Thousands of Australians who rely on pacemakers and implanted defibrillators are being denied access to remote heart monitoring that identifies problems before they escalate and reduces the need for in-person doctor visits.
This is the claim being made by Australian heart disease education, support and advocacy group, Hearts4heart. It says patients are being “blocked by heartless private health insurers”.
Hearts4heart CEO, Tanya Hall, said in a statement her group has been inundated with appeals from doctors and distressed patients who have received rejections from health insurers.
‘More focused on bottom line’
“For months we have been in talks the Department of Health and Private Healthcare Australia – and some funds such as HBF, Australian Unity, GHMBA, DVA, Teachers Health and WestFund are issuing approvals.
“However, several large providers such as NIB, Medibank and AHM are rejecting applications for remote heart monitoring and seem more focused on their bottom line than the heath of their members,” she stated.
Hall said access to heart health technology should not be granted or rejected at the whim of a private health insurer.
Group calls for legislative changes
“We are calling on the Federal Government to make legislative change so that no matter when or where a pacemaker or defibrillator is inserted, no matter which health fund you are with, there is uniform access.”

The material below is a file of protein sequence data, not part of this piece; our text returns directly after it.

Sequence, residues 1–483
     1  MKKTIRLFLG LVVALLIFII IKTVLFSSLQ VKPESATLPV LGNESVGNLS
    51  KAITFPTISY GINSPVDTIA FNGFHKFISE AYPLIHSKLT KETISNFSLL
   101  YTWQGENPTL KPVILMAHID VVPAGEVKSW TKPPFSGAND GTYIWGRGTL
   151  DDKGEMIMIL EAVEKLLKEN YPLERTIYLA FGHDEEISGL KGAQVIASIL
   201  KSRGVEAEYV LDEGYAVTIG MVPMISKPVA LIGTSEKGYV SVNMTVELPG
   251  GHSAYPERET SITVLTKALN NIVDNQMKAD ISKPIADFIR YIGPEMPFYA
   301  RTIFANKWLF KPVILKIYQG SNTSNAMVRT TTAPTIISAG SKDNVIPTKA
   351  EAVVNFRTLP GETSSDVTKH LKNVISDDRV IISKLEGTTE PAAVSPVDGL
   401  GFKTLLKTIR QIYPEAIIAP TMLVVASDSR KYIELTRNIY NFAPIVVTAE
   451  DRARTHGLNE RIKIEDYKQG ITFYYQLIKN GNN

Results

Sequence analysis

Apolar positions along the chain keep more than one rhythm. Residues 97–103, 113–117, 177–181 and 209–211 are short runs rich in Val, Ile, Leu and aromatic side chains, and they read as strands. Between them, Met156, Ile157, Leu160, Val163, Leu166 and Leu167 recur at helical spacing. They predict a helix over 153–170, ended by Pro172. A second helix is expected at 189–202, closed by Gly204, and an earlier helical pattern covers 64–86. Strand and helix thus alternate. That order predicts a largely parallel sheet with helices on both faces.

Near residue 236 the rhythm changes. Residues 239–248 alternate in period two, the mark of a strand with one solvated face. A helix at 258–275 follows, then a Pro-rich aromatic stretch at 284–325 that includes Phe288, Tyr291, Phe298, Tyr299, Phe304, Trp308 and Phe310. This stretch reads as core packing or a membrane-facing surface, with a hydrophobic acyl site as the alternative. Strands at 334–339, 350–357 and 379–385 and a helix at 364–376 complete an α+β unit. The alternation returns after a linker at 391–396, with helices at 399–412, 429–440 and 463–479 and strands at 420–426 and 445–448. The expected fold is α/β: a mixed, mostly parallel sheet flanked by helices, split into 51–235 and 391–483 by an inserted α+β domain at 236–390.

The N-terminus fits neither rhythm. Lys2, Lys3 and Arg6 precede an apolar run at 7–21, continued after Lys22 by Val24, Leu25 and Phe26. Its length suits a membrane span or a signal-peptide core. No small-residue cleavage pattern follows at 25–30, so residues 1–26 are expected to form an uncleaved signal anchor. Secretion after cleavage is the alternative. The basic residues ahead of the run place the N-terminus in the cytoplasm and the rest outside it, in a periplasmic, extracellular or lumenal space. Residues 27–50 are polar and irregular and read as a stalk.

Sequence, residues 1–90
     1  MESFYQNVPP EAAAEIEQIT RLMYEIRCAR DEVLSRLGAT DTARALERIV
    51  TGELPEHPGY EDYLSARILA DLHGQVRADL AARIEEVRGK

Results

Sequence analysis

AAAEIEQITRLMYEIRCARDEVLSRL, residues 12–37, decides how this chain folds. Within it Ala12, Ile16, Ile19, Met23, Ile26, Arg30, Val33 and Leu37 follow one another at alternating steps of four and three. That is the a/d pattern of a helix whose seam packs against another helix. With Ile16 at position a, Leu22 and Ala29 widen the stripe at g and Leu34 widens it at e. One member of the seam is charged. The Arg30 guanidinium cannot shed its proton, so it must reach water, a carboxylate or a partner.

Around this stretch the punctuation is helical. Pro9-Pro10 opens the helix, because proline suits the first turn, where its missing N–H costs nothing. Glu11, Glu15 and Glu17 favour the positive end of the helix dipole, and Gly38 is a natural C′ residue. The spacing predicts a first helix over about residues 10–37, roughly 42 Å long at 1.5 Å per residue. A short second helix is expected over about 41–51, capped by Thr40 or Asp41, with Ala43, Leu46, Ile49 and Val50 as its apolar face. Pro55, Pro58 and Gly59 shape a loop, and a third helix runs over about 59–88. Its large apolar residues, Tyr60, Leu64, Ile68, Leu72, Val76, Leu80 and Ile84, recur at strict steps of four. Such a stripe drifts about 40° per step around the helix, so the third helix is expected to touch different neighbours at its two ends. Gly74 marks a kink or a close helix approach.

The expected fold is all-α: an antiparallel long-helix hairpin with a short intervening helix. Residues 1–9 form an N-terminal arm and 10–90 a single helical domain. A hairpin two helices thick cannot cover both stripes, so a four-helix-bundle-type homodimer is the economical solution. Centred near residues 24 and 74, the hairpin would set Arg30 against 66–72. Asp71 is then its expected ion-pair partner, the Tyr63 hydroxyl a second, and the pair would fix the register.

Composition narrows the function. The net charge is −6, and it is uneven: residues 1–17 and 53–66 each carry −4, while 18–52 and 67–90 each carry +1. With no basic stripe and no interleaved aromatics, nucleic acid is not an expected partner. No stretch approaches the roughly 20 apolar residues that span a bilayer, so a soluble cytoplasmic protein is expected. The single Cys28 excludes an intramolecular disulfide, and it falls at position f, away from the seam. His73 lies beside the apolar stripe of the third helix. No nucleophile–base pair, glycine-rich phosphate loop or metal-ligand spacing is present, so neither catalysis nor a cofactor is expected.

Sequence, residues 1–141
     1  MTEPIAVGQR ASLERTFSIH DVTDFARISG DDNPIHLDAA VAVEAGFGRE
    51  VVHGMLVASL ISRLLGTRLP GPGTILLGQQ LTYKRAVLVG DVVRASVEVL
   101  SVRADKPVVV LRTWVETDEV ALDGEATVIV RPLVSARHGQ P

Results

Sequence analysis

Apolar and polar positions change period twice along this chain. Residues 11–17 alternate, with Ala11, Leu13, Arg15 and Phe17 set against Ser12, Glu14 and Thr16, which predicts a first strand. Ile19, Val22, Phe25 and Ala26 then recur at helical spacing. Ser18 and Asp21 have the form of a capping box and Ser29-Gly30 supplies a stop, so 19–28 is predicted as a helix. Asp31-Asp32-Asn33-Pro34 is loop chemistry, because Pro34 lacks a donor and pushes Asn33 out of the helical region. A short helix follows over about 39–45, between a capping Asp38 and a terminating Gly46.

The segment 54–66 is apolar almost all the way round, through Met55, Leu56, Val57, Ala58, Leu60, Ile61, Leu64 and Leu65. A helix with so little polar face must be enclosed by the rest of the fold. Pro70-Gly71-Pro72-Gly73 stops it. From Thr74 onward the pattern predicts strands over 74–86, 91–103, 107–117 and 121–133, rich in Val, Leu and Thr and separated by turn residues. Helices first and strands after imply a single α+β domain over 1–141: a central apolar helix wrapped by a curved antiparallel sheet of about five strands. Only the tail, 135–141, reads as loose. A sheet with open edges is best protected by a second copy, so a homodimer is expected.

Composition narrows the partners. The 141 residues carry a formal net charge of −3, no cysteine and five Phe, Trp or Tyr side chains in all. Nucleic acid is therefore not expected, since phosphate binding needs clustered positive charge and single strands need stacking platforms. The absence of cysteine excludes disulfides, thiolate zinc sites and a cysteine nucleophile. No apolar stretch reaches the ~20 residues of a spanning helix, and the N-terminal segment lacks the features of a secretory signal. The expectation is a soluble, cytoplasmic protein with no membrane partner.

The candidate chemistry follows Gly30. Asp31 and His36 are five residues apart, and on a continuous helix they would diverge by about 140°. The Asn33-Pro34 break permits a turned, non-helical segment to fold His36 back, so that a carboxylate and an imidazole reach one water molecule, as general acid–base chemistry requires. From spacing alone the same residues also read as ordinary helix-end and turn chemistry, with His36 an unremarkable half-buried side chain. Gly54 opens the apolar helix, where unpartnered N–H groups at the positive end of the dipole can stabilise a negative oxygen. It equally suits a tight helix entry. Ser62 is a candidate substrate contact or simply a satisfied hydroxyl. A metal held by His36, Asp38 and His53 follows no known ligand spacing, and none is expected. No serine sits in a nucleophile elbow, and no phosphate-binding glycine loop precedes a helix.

“At a minimum, cardiac patients deserve that certainty.”
Hearts4heart claims heart experts and advocates are alarmed that some of Australia’s largest health funds have turned their backs on patients who require remote cardiac monitoring to not only manage heart irregularities but adhere to COVID-19 related advice to limit hospital visits.
Thousand in ‘high clinical need’
The group says here are approximately 20,000 Australians living with defibrillator or pacemaker devices that, while compatible, are not connected to remote monitoring technology.
The Cardiac Society of Australia and New Zealand believes up to 2,000 of these patients have ‘high clinical need’.
Remote monitoring devices wirelessly share health data and critical alerts from the implant to a treating doctor, so they can keep tabs on a patient’s symptoms and the performance of their cardiac implant.